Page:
Saturday, February 20, 2016

Pope Francis Did Not Allow Exceptions on Contraception

Whenever Pope Francis holds a press conference on an airplance, the conservative Catholic blogosphere goes into a collective meltdown because he always makes statements whose vagueness lend themselves to gross misinterpretation and controversy, alarming and confusing the faithful.

I'm going to give you a tip that always works for me.

Always interpret the Pope's remarks through the filter of the Catechism. If the Pope did not say anything to directly contradict Church teaching, then he did not contradict Church teaching.

I realize from a big-picture point of view, this is not entirely comforting because even though you may be reassured, the rest of the world isn't. They are not used to the nuance necessary to understand Catholic doctrine. So if the pope gives even the slightest hint of an opening on a matter of doctrine, it turns a full-blown reversal in the minds of the media.

And I can see how this can be frustrating to the half-educated Catholic who is constantly led to believe that the Church "evolves", that the Church will, eventually, side with worldly thought on matters of doctrine-- especially of sexual doctrine. The Church did a one-eighty at Vatican II, conventional wisdom goes, what's to say the Church won't change her mind on any number of contemporary issues?

So the media tantalizingly dangle these misleading messages to the general public, creating these false hopes that the world's great bastion of morality will finally "see reason" and side with it on sexual issues, and get with the program so that progressives can more easily push forward on the fight to implement more government in your lives.

The latest example  of this sisyphian attempt to change Church doctrine is Pope Francis' statement on the Zika virus. He said:

On the ‘lesser evil,’ avoiding pregnancy, we are speaking in terms of the conflict between the fifth and sixth commandment. Paul VI, a great man, in a difficult situation in Africa, permitted nuns to use contraceptives in cases of rape.

The example given here is not one of a contraceptive act. A contraceptive act requires a conjugal act. Rape is not a conjugal act because it requires consent. So this instance was not an example of an exception to Humanae Vitae. (Note: Jimmy Akin could not track down the origin of the story of the nuns using contraception in the Congo )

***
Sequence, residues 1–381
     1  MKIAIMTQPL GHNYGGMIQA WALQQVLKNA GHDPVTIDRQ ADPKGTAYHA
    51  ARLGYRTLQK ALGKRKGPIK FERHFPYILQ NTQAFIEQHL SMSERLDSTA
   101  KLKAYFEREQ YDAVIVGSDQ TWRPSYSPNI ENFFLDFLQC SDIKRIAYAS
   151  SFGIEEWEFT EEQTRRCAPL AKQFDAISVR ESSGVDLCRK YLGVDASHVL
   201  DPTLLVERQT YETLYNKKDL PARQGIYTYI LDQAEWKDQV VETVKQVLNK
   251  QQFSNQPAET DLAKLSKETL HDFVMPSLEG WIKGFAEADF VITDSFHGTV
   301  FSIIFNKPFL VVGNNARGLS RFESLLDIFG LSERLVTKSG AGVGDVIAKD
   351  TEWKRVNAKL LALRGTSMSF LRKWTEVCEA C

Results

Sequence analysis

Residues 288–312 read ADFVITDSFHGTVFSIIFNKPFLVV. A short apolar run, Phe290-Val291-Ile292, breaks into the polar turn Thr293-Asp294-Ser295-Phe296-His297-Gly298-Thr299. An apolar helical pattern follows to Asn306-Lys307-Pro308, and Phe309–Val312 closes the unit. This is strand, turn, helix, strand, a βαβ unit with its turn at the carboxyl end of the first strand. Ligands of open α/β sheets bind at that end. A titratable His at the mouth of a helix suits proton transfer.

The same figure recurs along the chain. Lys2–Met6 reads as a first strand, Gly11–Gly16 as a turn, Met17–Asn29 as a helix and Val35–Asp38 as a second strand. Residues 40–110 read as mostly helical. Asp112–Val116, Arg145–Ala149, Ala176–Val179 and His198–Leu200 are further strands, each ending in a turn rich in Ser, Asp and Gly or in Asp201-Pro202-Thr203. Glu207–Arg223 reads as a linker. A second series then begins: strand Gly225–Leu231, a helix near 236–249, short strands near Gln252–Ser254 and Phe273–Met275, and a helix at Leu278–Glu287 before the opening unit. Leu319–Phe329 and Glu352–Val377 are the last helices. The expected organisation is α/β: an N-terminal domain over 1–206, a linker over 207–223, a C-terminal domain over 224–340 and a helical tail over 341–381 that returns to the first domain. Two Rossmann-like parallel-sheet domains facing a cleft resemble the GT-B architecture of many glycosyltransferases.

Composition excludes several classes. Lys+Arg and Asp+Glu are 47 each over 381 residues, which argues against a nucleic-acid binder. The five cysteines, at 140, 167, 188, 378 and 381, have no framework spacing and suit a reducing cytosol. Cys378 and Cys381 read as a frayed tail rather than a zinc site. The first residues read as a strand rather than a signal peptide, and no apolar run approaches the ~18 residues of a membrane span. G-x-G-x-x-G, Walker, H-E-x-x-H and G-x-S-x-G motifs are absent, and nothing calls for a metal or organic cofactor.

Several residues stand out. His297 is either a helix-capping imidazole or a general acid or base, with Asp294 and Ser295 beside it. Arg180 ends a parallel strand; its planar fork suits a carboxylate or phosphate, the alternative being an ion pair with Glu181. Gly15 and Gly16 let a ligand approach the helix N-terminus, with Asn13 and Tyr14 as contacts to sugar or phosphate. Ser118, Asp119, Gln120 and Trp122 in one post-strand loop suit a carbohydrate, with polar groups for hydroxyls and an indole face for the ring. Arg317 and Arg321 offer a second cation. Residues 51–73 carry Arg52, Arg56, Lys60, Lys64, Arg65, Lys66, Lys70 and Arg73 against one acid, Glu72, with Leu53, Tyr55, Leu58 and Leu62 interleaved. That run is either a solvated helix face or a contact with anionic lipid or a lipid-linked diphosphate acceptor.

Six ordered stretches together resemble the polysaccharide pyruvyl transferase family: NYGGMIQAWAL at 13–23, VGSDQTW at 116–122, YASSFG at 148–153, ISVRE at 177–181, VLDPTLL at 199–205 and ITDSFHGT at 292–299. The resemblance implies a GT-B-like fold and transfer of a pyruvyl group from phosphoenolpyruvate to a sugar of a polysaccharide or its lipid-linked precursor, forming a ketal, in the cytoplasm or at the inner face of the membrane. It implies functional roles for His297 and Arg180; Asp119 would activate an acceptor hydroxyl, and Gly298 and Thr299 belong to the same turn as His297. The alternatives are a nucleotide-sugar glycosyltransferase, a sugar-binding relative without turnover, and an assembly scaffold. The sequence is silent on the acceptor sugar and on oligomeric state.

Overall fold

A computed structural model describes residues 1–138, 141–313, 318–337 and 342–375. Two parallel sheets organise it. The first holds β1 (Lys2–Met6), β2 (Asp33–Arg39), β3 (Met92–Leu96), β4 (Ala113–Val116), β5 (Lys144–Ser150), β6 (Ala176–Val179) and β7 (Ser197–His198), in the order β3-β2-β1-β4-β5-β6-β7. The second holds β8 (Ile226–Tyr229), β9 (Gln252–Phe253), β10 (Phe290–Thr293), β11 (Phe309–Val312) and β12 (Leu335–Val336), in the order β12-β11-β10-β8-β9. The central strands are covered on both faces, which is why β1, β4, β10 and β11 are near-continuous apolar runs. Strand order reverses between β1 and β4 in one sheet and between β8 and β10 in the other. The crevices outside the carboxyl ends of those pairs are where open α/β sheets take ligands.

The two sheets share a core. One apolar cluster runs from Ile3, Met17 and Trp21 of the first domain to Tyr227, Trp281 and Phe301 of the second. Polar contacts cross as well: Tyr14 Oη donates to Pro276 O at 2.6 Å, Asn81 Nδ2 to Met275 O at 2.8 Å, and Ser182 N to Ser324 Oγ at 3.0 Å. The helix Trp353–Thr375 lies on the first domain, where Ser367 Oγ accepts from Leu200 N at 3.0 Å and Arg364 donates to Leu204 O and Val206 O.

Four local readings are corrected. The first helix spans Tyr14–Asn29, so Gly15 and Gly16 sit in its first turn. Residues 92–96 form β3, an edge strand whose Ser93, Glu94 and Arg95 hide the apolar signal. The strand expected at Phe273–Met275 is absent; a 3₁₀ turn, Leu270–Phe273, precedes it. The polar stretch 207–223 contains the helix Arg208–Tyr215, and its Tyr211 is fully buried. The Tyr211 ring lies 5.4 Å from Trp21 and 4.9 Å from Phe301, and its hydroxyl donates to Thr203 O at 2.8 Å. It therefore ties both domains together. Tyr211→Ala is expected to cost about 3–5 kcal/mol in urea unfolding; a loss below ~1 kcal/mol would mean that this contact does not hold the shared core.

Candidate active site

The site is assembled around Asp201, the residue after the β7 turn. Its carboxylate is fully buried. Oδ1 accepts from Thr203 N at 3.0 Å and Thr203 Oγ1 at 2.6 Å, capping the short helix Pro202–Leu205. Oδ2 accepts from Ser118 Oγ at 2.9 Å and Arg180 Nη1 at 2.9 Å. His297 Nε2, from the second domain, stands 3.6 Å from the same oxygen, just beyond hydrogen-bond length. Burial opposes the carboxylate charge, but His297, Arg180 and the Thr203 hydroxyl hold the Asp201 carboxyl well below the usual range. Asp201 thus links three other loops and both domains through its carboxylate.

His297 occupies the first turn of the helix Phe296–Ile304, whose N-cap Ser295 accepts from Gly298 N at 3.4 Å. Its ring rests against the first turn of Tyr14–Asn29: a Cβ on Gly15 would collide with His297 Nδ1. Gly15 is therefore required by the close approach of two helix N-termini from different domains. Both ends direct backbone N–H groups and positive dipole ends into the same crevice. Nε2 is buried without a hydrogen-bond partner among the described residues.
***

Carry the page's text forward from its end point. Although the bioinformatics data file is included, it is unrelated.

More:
Now LifeSiteNews reports that Fr. Federico Lombardi, the Pope's spokesperson, said that the Pope indeed was talking about using contraception in exceptional circumstances on Vatican radio.

Now note, this is Fr. Lombardi's interpretation of the Pope's words, not the Pope himself.

How many times have people attributed a certain meaning to his words, only to find out that that interpretation is false.

Consider this passage from a National Geographic article about the Vatican:

When Federico Wals, who had spent several years as Bergoglio’s press aide, traveled from Buenos Aires to Rome last year to see the pope, he first paid a visit to Father Federico Lombardi, the longtime Vatican communications official whose job essentially mirrors Wals’s old one, albeit on a much larger scale. “So, Father,” the Argentine asked, “how do you feel about my former boss?” Managing a smile, Lombardi replied, “Confused.”
Lombardi had served as the spokesman for Benedict, formerly known as Joseph Ratzinger, a man of Germanic precision. After meeting with a world leader, the former pope would emerge and rattle off an incisive summation, Lombardi tells me, with palpable wistfulness: “It was incredible. Benedict was so clear. He would say, ‘We have spoken about these things, I agree with these points, I would argue against these other points, the objective of our next meeting will be this’—two minutes and I’m totally clear about what the contents were. With Francis—‘This is a wise man; he has had these interesting experiences.’”